-Removal of two lookout posts from the pagoda tower.
-Complete replacement of the searchlights with newer "92-Shiki" models.
-Relocation of all aircraft facilities from turret 3 to the stern.
-Removal of the derrick from the back fo the pagoda.
-Reinforcement of the searchlight platforms and fitting of a gangway to link them together.
-Fitting of a 12m ensign staff at the stern.
-Addition of navigation ligts on the aft mast spars.
-Addition of the anti-aircraft command platform on top of the pagoda tower.
-Fitting of a new main gun director.
-Modifications (yes, again) to the RDF equipment.
of the pagoda tower superstructure by a deck.
Fuso as of 1944:
During the course of WWII Fuso was left in the Inland Sea for training duties and refitted three times: in february 1942, july 1943 and august 1944. during those refits, a degaussing cable was fitted and the airwing updated to three Mitsubishi F1M2, followed by the installation of the Type 21 air search radar, the Type 22 surface-search and type 13 air-search radars, the last fitted in a pair unique to Fuso out of all the IJN battleships: abreast the funnel. The last upgrade was that regarding the light anti.aircraft armament, which was argumented in two phases to reach a final configuration of 8 triple, 16 twin and 39 single 25mm machine guns mounts, for a total of 95 barrels, further argumented by 10 single 13mm ones.
In this feat IJN Fuso departed with Vice-Admiral Nishimura Southern Force for operation Sho-Go, bieng ultimately lost with all hands (or with only 10 survivors out of her 1.630-men complement, depending on sources) in the Battle of Surigao Strait.
Yamashiro as of 1917:
As a sister ship of Fuso, she could have not been more different. Already in 1917, when commissioned, she sported a different forward superstructure, with larger deckhouses, improved conning tower (more similar to that of the Ise class) and the foremast shifted towards the funnel.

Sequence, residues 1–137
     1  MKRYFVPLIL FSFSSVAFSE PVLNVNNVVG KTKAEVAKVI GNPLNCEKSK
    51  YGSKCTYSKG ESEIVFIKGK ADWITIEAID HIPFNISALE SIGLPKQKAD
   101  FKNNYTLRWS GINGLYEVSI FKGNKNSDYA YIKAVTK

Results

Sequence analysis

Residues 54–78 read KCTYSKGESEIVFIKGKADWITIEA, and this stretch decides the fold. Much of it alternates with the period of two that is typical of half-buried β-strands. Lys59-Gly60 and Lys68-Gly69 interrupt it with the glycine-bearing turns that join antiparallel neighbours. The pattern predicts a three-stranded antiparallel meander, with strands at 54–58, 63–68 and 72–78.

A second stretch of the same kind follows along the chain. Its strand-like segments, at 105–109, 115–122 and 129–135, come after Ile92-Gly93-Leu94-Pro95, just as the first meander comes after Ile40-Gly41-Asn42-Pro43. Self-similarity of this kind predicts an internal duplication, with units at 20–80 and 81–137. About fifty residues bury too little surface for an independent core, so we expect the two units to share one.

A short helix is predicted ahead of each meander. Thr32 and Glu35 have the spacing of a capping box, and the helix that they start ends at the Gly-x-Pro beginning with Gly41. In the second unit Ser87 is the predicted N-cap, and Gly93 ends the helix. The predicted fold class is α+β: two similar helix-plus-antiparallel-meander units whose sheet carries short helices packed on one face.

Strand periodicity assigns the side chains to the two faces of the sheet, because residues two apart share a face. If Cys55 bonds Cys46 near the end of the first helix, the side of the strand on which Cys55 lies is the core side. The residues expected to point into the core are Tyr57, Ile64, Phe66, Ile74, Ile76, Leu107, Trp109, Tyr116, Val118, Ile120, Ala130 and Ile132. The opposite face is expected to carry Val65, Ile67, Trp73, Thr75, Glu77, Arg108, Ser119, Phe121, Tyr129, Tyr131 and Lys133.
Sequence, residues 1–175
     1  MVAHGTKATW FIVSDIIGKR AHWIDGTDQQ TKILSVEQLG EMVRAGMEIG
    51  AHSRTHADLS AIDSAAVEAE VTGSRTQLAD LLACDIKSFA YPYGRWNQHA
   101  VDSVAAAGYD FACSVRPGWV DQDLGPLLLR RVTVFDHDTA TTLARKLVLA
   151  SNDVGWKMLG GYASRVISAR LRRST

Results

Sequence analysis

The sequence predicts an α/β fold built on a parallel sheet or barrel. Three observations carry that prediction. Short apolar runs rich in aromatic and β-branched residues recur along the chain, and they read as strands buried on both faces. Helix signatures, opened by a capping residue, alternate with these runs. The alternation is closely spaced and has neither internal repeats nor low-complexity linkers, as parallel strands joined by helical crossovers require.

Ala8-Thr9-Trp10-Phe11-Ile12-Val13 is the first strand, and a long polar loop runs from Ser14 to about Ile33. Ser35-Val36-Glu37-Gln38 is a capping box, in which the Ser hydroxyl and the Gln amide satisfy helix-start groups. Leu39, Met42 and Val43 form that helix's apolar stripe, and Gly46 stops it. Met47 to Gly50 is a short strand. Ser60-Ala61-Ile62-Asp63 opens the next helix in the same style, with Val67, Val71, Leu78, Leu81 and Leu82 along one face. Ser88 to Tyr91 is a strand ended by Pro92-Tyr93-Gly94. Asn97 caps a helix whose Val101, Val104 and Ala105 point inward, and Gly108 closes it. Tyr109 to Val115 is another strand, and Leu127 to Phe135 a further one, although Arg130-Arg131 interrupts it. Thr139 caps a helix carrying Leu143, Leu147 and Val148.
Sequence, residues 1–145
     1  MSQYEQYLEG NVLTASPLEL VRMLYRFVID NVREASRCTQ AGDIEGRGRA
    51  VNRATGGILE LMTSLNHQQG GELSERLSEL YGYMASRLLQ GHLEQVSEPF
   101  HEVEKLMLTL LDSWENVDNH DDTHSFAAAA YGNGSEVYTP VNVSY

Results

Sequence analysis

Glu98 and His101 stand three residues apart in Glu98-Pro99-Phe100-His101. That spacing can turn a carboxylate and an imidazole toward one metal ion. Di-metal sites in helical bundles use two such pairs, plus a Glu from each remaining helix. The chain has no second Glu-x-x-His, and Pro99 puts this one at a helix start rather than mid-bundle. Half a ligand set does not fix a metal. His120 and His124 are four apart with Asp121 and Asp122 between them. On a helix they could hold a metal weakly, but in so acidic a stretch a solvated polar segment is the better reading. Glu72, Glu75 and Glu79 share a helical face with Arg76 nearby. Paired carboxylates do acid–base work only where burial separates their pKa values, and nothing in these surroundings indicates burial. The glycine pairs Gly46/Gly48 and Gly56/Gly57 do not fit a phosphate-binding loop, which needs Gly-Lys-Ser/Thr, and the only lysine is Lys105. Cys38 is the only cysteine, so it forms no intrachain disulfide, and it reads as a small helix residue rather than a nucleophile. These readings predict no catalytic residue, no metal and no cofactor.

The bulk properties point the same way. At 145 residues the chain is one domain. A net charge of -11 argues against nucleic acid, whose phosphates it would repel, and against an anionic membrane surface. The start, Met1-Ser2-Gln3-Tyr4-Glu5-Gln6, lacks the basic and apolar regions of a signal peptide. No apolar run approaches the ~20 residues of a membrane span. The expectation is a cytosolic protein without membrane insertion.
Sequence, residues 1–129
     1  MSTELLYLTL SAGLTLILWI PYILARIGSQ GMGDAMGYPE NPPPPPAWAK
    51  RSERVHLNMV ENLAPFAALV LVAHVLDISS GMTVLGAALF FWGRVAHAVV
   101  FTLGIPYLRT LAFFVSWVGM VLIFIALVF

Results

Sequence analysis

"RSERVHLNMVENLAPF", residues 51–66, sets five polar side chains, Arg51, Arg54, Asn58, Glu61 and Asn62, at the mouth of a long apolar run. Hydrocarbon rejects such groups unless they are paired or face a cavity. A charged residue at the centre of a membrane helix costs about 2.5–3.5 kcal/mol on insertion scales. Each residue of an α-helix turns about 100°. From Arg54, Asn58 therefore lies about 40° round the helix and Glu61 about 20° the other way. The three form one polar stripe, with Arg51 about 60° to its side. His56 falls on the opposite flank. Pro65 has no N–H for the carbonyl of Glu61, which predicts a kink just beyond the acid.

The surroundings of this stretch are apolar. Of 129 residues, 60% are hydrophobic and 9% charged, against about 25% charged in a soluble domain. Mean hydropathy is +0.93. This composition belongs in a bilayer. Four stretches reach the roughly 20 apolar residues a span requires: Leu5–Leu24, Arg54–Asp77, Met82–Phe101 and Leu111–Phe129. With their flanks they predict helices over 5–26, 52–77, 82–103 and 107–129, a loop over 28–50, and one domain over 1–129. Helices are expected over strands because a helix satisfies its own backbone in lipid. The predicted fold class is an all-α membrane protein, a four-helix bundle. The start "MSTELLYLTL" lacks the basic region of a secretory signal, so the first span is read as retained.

Yamashiro as of 1922:
In the early 20's Yamashiro recieved an experimental flying off platorm above turret 2 to test take offs using Gloster Sparrowhawk biplanes built and provided by the United Kingdom. Minor modifications to the bridge were made by expanding existing platorms and adding a set of new ones housing signaling searchlights.
Yamashiro as of 1935:
Between december 18th 1930 and march 30th 1935, Yamashiro was refitted at the Yokosuka Naval Yard. She was re-boilered, re-engined, bulged and lenghtened (Fuso did the former two upgrades in 1930-33, the bulging in two phases and the llenghtening only in 1934-35), a catapult for aircrafts was fitted at the stern, with a foldable crane for aircraft handling operations (On fuso this happened only in 1941, before the catapult was located on top of turret three). The fore and aft superstructures were rebuilt into huge pagoda towers (whose appearance was very different when compared to those of Fuso), the forward funnel removed and a searchlinght platform added abreast the aft, and now only, funnel. An auxiliary searchlight platform was located on the fore superstructure, above the navigation bridge. The maximum elevation of both the 14 and 6-inch guns improved, the capstan for the second starboard anchor was removed, but the anchor itself retained as anauxiliary one. Quadruple 13mm machine guns were carried as the light anti-aircraft armament, as a complement to the four twin-5inch guns fitted on the superstructure. Three Nakajima E4N acted as reconnaissance floatplanes.
A striking difference was the rest position of turret 3, wich was left facing aft, while on Fuso it was reversed.
From november 15th 1935, Yamashiro became the Combined Fleet Flagship.
Yamashiro as of 1941:
Between june 27th 1937 and march 31st 1938, Yamashiro underwent a further modernization, being replaced by Mutsu on december 1st 1937 as the flagship.
During the refit the secon starboard anchor was removed altogheter, the foremost 6-inch casemate guns were landed, twin 25mm machine guns replaced the quadruple 13mm ones, modifications were made to the forward superstructure, with the deletion of the auxiliary searchlight platform and the addition of new platforms. A machine gun director was fitted abreast the funnel, and the searchlight platform were rearranged. Finally, three Nakajima E8N replaced the older E4N and one of the 17m motor pinaces was landed.
Yamashiro as of 1944:
In 1944, after the battle of the Philippine Sea, Yamashiro entered the yards for her last refit. In her final guise she sported a Type 21 air search radar on top of the pagoda tower, two Type 22 surface search radars on both sides of it and two type 13 air search radar on the aft superstructure. Her pagoda tower had been lowered by a deck to create the space for an anti-aircraft command post and the main gun director had been replaced. Final AA suite was composed of 8 triple, 17 twin and 34 single 25mm machine guns for a total of 92 barrels. Those were further argumented by 3 twin and 10 single 13mm machine guns.
flying the ensing of Vice-Admiral Shoji Nishimura, Yamashiro led the Southern Force for operation Sho-Go, ultimately beign sunk (along her sister Fuso) with only 10 survivors in the Battle of Surigao Strait.